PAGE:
For a full copy of the Newsletter for the Twenty-Seventh Sunday in Ordinary Time please click on the link; Ordinary Time 27th Sunday 07102018
Marriage, family and relationships are important themes in this weekend’s scripture. It is timely to remember that we should never underestimate or take for granted how unique our families are – no matter what they look like at the moment!
There is a story of a father of a teenage son. One day he is confronted by his wife who challenges him to spend more time with their teenage son. “He needs you,” she said, “and you are neglecting him!” “He doesn’t need me!” the father protested. “He’s at an age where he should be cutting the family strings somewhat more.”
So more out of guilt than conviction the father goes to the TV room and asks the teenager to accompany him to the supermarket. The son, more out of boredom than interest, agrees.
In the car on the way to the supermarket there is silence – so the father tries to make conversation.
“How’s school?” “Okay,” came the reply.
“How’s football?” “It’s okay.”
“What were you watching on TV?” “Nothing!”
After that exchange, things went silent. At the supermarket, still in silence, they loaded the items they wanted into the trolley and waited in line while a very slow and disinterested check-out operator dealt with the customers ahead of them.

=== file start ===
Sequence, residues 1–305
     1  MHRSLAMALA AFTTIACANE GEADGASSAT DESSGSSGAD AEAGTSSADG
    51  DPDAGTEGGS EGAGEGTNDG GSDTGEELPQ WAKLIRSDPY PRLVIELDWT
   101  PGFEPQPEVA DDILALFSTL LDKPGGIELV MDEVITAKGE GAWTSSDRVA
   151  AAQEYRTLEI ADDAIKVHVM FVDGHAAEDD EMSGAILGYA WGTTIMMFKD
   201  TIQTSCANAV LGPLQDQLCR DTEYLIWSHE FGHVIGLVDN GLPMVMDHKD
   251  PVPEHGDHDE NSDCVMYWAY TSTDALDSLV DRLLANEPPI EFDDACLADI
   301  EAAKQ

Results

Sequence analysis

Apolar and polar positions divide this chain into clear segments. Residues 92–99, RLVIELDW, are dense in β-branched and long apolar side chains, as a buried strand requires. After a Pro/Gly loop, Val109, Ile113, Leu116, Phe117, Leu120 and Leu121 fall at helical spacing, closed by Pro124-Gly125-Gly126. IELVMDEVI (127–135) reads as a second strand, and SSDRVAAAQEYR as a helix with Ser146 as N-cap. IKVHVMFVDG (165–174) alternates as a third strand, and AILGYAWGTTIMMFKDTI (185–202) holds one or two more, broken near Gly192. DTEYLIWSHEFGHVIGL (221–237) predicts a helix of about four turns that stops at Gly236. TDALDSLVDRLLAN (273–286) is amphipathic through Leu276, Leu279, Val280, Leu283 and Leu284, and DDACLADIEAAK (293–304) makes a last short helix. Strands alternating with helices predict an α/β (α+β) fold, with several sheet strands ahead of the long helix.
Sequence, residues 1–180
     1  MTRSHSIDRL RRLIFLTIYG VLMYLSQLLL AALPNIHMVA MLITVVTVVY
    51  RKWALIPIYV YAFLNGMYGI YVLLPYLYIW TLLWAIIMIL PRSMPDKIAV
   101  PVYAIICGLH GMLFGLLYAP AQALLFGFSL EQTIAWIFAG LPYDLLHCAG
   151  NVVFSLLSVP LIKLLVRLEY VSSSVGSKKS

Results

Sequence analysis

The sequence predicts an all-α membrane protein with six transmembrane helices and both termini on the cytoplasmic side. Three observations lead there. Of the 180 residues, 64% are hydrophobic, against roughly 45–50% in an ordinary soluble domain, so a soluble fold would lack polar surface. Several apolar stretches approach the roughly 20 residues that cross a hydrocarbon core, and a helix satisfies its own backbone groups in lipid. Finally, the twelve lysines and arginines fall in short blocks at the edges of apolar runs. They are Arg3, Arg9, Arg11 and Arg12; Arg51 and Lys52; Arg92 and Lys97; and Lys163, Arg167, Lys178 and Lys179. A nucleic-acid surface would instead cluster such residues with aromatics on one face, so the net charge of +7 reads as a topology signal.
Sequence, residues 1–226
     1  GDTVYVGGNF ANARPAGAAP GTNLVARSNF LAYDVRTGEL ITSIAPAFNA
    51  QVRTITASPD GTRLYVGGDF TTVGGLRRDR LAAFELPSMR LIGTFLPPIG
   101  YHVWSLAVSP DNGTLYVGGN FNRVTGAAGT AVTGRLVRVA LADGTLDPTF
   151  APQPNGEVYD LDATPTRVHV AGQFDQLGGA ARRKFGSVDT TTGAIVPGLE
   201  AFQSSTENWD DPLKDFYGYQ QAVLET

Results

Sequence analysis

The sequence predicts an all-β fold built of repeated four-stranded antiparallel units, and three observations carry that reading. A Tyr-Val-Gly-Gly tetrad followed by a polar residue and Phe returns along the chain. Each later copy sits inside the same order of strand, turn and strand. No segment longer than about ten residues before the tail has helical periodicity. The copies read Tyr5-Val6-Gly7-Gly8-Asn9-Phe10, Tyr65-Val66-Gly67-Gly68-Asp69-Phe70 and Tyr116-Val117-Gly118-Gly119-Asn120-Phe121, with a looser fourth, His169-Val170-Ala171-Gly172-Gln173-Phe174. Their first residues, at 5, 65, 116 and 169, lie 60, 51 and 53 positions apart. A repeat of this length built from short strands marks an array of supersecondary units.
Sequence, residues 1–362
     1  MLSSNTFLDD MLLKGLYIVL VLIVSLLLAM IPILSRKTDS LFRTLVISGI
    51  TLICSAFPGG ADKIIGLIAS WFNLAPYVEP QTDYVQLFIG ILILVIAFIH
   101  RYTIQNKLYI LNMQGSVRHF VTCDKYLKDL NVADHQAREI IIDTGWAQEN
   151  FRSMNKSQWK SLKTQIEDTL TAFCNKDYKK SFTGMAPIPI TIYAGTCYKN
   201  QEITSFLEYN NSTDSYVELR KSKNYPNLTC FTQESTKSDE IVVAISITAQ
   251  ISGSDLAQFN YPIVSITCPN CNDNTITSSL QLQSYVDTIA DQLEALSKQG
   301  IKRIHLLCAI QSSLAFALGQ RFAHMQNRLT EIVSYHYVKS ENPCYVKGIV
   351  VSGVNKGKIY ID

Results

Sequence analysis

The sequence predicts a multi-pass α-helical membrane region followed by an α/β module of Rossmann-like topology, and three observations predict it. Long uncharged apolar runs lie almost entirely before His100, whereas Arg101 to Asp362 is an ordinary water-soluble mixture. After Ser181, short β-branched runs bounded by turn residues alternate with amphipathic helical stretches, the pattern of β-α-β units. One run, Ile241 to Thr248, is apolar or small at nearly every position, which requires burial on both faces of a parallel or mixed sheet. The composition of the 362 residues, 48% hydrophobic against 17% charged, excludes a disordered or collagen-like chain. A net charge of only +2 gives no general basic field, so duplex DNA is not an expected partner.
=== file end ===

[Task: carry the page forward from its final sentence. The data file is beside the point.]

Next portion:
Finally, their turn came. Half way through scanning the items, the father, pulls out a $50 note which the check-out operator sees, and very uninterested, continues to scan the items. But the father realizes that it is not going to cost that much so he puts back the $50 note and replaces it with a $20 note – but the check-out operator does not notice this.
The price for their groceries comes to $19 and the check-out operator gave the father $31 change—on a $20 note. But, instead of walking out of the store $30 richer, the father instead calmly pointed out to the check-out operator his mistake and returned to him the $30 that he had, in his inattention, incorrectly given.
The teenage son was quietly impressed. When they were in the car, his son said as much – that was neat – a good thing to do! Then, without any prodding from his father, the son began to talk and to share with him a lot of things about his life, including how school was going, how football was going, and what he had been watching on TV.
The father, for his part, said little and, in fact, heard little for he was thinking: “If my son had not been with me, I would have kept the $30! Moreover, my wife is wrong, my son doesn’t need me … I need him!”
Perhaps it is a gentle reminder that – Our children raise us, not vice versa. It is they who put a rope around us and take us where we would rather not go, namely, into adulthood. We become adult by having and raising and looking after children. This, perhaps more than anything else, moves us beyond being children ourselves.
Fr Peter Brannelly